Rechargeable WEEE-batteries can be divided according to their chemical system into NiCd, NiMH and Li-ion batteries. While NiCd batteries dominated the previous decade in quantity and scope of applications, they are increasingly replaced by NiMH and Li-ion batteries. NiMH batteries are in their presence on the market and their technical performance to be seen as a transitory technology (Weyhe, 2013). The market penetration of NiMH batteries was promoted by EU legislation restricting the use of cadmium due to its toxic properties (Batt.Dir., 2006). In Germany, the law on batteries (BattG, 2009) implemented the EU legislation into national law and limited the use of NiCd batteries to security applications, medical devices and electrical tools. NiCd batteries exhibit positive properties concerning resilience, low temperature durability and cost-effectiveness, are fast loadable and enable a high current supply. Negative properties are the toxicity of the contained cadmium, the low energy density and the memory effect[3]. NiMH batteries exhibit moderate characteristics concerning price, resilience and energy density besides having a high self-discharge rate and inhibiting the lazy battery effect[4]. Li-ion batteries provide a high energy density, a high voltage and a low self-discharge rate, but are expensive, to some degree toxic, inhibit safety risks and need special recharging techniques (GRS, 2012b). The mentioned characteristics of Li-ion batteries apply primarily to conventional LCO batteries. Recently developed Li-ion batteries show different properties in several aspects (cf. chapter 2.6).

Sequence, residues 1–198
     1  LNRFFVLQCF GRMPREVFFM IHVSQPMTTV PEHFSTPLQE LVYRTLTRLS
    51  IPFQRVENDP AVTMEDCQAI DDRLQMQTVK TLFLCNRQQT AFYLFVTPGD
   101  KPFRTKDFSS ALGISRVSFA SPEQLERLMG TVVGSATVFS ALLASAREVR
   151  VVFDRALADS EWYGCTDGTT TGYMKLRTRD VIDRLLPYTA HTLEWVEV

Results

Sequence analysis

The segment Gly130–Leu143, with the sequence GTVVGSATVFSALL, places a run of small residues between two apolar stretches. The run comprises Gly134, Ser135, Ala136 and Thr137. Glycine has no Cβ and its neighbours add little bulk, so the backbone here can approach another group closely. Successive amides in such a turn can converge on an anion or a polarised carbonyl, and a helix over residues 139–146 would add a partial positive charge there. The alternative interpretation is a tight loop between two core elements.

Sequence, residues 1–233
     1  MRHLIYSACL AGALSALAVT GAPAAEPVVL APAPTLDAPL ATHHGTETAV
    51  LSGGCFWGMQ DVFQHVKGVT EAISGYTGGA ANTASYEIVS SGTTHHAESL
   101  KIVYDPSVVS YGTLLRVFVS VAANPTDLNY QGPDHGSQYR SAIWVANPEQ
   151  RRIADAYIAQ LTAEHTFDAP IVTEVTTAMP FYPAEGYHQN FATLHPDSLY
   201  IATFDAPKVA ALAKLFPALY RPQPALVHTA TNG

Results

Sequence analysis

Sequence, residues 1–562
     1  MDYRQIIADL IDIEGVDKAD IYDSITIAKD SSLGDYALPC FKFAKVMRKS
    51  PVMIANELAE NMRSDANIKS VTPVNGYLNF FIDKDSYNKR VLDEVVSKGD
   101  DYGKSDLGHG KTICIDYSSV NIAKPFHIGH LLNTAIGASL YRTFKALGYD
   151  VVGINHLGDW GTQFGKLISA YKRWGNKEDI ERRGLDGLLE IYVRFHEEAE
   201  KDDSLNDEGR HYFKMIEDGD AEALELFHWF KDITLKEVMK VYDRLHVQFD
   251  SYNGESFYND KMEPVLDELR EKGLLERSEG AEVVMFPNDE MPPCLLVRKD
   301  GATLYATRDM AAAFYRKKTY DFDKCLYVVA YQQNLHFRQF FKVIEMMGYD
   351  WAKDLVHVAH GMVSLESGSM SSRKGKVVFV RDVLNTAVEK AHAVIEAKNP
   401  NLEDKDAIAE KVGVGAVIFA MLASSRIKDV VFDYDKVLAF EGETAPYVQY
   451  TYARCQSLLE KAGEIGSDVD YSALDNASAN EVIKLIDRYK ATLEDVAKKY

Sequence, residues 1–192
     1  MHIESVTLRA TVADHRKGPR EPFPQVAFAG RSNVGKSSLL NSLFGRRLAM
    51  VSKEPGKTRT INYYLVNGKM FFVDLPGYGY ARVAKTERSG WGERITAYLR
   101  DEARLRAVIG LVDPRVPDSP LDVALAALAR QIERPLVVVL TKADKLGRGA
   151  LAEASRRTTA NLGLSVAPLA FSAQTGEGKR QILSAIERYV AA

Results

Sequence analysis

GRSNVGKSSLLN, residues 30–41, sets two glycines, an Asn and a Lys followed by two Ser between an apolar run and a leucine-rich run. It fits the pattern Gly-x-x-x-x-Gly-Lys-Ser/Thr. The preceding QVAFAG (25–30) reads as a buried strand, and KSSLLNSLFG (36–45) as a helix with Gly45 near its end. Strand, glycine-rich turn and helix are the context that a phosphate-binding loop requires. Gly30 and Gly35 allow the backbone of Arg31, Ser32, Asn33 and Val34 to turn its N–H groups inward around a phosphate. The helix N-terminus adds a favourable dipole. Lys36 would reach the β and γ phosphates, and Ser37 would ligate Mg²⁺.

The tables below list the characteristics for common electrochemical systems of primary and secondary batteries. Primary systems are further distinguished into batteries for general purpose, implying cylindrical or prismatic shapes, and button cells, which have a squat cylindrical form and are used to power small portable electronic devices, such as wrist watches, pocket calculators or hearing aids. The figures of batteries sold and returned in 2009 in Germany are derived from the German Federal Environment Agency (UBA, 2011). They indicate numbers for the main electrochemical systems of portable batteries, not including industrial and automotive batteries that primarily employ lead acid systems. In 2009 a total of 37,298 tons of portable batteries have been placed on the market and 16,556 tons of spent batteries have been returned. Since 2009 the amount of the various battery systems sold changed. Due to a rising energy density the overall mass of batteries declines while the use of batteries in electrical and electronic equipment increases, leading to more batteries with less weight. Especially Li-ion batteries gain market share. In 2011, an amount of 6,089 tons of Li-ion batteries has been reported to be placed on the market from companies associated with the GRS foundation (GRS, 2012a) and circa 6,500 tons were placed on the German market in total (Wiaux, 2012). Zinc carbon batteries in particular lose market share and are replaced by alkaline batteries (UBA, 2011).